Last but not least, one of the hot topics in IP is about balancing the interests of rightsholders and the public, which is continuously discussed both in the academic circle and the legal practice. Based on the analysis of those typical cases, Pudong Court has also proactively taken into account such balance when deciding to issue an injunction.

3. Looking ahead: increasing application of injunctive reliefs to boost the digital culture

It has been widely recognized that IP is of significant importance. Countries need an effective IP system to bolster innovation and creativity, helping to ensure economic prosperity and a vibrant cultural life. Moreover, the rapid development of the digital economy in China has sparked greater efforts to protect IPR through judicial procedure.

On September 22, 2021, China issued a long-term plan for the development of IPR power, stating that the country’s IPR competitiveness will rank among the top in the world by 2035, with a complete IPR system, prosperous growth in IPR-driven innovation and a better social environment for IPR culture. The injunctive relief, like the IP laws and regulations, is actually brought in from the Western legal regime. We have witnessed that Chinese courts focused more on solving IP disputes concerning new technologies and digital industries in recent years as they sought to adhere to the nation’s development strategy and promote innovation. The improved judicial efficiency is a boon for new businesses like the digital industry. The quick resolution of disputes allows market entities to invest in a fresh round of research and development as soon as possible, thus facilitating the creation of more new technologies.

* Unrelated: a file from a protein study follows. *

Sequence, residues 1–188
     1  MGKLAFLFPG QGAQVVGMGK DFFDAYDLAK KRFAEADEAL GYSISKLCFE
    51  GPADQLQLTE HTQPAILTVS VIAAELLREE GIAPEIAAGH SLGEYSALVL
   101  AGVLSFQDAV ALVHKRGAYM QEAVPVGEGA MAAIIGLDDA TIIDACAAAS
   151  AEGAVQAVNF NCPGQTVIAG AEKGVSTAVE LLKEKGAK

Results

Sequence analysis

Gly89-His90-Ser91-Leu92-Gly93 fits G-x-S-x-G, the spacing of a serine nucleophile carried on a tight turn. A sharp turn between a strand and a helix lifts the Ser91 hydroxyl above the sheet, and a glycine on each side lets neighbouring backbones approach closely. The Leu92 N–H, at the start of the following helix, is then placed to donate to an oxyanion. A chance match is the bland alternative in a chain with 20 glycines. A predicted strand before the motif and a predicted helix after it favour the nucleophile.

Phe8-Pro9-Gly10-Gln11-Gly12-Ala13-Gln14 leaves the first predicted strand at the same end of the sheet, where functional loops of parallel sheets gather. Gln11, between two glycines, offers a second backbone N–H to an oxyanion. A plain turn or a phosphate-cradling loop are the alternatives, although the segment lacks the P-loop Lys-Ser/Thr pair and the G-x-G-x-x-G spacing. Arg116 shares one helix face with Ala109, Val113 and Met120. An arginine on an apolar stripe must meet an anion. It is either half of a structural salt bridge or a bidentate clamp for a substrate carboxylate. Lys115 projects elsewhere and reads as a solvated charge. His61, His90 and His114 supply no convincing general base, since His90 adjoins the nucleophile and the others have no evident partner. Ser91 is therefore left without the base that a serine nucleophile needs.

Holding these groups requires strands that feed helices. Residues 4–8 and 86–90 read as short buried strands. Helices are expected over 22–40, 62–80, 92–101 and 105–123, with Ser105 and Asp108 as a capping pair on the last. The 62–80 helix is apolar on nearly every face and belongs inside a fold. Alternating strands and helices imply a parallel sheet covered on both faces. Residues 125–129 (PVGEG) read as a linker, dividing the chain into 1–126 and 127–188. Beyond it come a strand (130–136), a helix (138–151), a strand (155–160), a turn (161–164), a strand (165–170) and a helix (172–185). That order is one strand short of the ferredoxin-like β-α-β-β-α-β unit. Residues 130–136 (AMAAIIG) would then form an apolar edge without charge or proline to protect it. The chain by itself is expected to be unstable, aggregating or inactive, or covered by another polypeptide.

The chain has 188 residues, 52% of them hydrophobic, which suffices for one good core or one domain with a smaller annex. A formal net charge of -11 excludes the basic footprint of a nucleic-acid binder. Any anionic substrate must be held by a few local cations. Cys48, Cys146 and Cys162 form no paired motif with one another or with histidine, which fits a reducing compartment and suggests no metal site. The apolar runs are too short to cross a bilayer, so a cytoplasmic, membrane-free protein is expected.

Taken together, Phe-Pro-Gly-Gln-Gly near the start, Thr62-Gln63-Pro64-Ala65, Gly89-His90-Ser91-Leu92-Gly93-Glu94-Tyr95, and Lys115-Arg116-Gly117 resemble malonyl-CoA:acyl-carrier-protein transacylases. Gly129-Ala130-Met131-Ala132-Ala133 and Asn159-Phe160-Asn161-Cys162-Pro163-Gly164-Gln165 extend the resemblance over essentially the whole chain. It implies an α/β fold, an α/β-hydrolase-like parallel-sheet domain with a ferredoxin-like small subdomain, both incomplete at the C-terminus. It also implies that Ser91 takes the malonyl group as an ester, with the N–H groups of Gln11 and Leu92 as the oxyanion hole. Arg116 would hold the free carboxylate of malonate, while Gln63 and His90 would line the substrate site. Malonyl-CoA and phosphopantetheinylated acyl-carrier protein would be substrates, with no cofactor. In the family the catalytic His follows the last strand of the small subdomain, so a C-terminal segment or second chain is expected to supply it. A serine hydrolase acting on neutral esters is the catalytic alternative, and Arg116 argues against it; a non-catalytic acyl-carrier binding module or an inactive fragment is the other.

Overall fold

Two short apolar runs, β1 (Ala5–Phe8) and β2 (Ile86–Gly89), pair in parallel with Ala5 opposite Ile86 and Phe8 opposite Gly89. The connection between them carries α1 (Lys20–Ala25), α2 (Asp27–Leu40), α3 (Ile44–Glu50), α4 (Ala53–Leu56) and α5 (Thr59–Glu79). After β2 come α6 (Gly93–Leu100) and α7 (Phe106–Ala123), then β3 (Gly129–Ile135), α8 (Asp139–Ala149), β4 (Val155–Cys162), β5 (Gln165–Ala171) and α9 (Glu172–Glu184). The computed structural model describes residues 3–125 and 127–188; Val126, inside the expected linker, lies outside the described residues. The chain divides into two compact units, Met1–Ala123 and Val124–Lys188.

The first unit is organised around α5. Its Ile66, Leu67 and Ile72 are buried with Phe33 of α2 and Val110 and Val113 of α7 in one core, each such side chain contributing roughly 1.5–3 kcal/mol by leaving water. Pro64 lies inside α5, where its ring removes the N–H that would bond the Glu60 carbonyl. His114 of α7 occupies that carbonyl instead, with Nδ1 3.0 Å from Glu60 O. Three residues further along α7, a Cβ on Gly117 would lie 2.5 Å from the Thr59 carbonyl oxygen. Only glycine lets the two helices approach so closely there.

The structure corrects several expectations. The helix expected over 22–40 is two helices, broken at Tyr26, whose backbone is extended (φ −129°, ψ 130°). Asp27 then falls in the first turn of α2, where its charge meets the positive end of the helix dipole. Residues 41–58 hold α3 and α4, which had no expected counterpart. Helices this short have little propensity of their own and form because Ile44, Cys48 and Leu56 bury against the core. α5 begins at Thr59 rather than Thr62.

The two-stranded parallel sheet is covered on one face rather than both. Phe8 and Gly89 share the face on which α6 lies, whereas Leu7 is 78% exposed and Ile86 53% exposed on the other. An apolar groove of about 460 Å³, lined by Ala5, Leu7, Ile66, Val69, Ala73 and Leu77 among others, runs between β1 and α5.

The injunctive relief is designed to offer IP rightsholders effective measures to beef up IPR protection in disputes, specifically under urgent situations. As more and more injunctive reliefs are issued upon parties’ application in the IP litigation, this may further invite more rightsholders to proceed with such measures prior to an IP trial. With injunctive relief functions as a better safeguard in real cases, IP rightsholders could be protected even under extreme and urgent situations. Similar to other IP protection measures, it is believed that the application of injunctive relief would ultimately stimulate the creation and the economy driven by innovation.